School can be stressful for any child between homework, tests and making friends, but for foster children it can be particularly difficult. Along with facing the typical challenges of the school year, your foster daughter must do so while coping with her past and possibly worrying about her future. This additional burden can shift her focus away from her education and lead to struggles throughout the school year. As a foster parent, there are several things you can do to help your foster child achieve academic success.
Connecting with the School
Forming a good working relationship with your foster daughter’s teachers, school counselors and administrators will go a long way in helping your foster child achieve academic success. Let the staff know they can always contact you with any updates, concerns or questions about your foster daughter. For this line of contact to be as effective as possible, it needs to flow both ways. Informing the school staff when your foster daughter has been dealing with issues at home can aid them in being ready to help her through it at school. You should let the school know about upcoming visitations your foster daughter has with her biological parents so the teachers and counselors are aware that she may be distracted or anxious at school.
Helping with School Work
The need for academic support doesn’t end when your foster daughter leaves school for the day. To help your foster child achieve academic success, the support needs to continue at home. Along with offering to help with homework and studying, look for other outlets to continue teaching her in her downtime. Brenda Morton, an associate professor of education at George Fox University, reported that 64 percent of foster children with an average age of 17.5 were reading at or under an 8th grade level. To help her catch up with her classmates, read books with her at night and let her read parts out loud. Doing so not only helps her develop her reading ability, but it also develops her confidence in public speaking situations.
Work with your foster daughter and her teachers to set realistic academic goals for her to achieve throughout the school year. Encourage her along the way, and celebrate every achievement to keep her motivated.
Participating in School Activities
Forming friendships may not be on your foster child’s mind as she works her way through everything life has thrown at her. However new friendships with classmates will give her a fun reason to want to go to school and may help her feel like every other child. One of the best ways to do this is to get your foster daughter involved in extracurricular activities, such as school sports, clubs, and art-centric programs. These programs will not only help her make new friends but also help her develop new skills and possibly discover a new passion.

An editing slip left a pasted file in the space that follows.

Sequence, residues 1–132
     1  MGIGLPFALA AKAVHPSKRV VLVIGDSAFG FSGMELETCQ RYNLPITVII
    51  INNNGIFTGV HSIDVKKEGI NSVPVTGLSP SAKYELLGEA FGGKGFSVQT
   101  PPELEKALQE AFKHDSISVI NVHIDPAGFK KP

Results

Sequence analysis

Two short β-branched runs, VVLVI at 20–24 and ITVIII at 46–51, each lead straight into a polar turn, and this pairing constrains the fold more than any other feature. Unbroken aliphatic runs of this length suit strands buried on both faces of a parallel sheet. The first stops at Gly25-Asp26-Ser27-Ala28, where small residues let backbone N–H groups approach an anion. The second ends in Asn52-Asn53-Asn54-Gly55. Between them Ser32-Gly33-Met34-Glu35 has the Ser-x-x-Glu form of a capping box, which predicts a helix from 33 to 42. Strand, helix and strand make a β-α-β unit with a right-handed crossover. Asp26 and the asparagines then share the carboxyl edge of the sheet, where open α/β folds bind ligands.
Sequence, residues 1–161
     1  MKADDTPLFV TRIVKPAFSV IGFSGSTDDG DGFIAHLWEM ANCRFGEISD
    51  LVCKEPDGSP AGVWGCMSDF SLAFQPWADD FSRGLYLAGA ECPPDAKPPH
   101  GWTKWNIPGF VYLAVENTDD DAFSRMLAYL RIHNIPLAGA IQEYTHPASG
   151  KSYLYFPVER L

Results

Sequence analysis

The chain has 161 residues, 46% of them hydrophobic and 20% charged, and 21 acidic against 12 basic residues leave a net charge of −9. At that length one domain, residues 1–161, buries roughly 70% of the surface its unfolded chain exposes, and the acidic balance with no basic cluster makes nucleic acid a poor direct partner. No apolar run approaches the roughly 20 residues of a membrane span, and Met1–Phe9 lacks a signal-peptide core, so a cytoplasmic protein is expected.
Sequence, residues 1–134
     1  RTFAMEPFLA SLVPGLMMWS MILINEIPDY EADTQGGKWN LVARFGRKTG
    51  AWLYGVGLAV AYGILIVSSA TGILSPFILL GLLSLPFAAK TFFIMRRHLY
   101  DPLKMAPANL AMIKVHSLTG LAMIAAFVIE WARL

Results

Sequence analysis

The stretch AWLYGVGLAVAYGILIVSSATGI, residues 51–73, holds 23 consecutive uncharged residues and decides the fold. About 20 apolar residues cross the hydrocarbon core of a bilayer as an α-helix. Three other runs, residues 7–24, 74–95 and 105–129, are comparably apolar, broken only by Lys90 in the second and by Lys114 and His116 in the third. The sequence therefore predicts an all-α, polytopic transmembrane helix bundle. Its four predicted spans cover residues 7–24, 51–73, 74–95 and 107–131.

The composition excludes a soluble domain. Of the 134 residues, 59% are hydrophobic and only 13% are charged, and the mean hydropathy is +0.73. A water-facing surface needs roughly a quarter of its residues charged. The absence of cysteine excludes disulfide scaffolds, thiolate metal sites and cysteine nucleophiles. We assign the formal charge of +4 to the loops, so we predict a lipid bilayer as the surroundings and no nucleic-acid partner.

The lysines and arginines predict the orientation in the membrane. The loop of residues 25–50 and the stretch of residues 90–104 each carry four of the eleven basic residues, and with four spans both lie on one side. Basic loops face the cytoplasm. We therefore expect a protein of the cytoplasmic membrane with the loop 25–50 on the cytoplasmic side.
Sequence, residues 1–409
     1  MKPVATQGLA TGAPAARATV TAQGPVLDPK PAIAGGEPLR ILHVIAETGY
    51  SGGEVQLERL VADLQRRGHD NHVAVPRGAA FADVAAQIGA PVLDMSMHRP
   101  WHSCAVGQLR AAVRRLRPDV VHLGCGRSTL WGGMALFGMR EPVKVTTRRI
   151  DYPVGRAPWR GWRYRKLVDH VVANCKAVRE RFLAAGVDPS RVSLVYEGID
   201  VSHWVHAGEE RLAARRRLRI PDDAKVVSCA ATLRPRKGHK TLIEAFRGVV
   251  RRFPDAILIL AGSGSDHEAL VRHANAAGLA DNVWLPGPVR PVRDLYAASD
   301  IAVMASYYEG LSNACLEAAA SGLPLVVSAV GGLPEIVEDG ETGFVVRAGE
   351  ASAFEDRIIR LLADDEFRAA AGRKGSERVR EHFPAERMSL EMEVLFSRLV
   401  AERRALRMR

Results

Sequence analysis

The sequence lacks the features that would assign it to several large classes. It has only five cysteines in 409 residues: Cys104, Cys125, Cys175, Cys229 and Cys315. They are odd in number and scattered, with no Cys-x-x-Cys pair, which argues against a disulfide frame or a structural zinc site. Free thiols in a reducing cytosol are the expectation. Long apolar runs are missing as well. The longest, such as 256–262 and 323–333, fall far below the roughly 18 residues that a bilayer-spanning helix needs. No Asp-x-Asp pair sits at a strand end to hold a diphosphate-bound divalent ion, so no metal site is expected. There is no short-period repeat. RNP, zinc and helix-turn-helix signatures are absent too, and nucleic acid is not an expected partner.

Participating in school activities isn’t limited to just your foster daughter’s involvement. Dr. John DeGarmo, director of the Foster Care Institute, reports that, “children who have parents who volunteer generally have better grades, score higher on tests and have better social skills and behavior.” Your involvement with the school doesn’t need to take up all of your free time; it can be for as long as you are able. Your continual presence at school events shows your foster daughter that you’re around to support her and can help keep her motivated throughout the school year.
Dr. DeGarmo reports that, “55 percent of children in foster care will drop out of school and not graduate with a high school diploma.” Foster children deal with the added stress and anxiety caused by their past and must cope with those issues while also facing a full course load at school. Sharing this burden with your foster daughter is the first step to helping her overcome this statistic. Being actively involved in her academic life can help your foster child achieve academic success and motivate her to not only graduate high school, but also college. Showing your interest in her school work, offering a helping hand and encouraging involvement may not seem like the most impactful gestures to you, but to her, they might make all the difference.
One thought on “How to Help Your Foster Child Achieve Academic Success”
For my teenage foster son who’s in GED prep classes, I made a chart showing four 30-minute study blocks per week and posted it on the fridge. To add an element of competition, my name is on there too, because my goal is to study my second language for the same amount of time (but I’m not really part of the contest–he’s only “competing” against himself). Every time he studies, he writes the date next to one of the blocks of time on the chart. At the end of the month, if he’s completed all the blocks of study time, I’ll take him out for ice cream or a burger!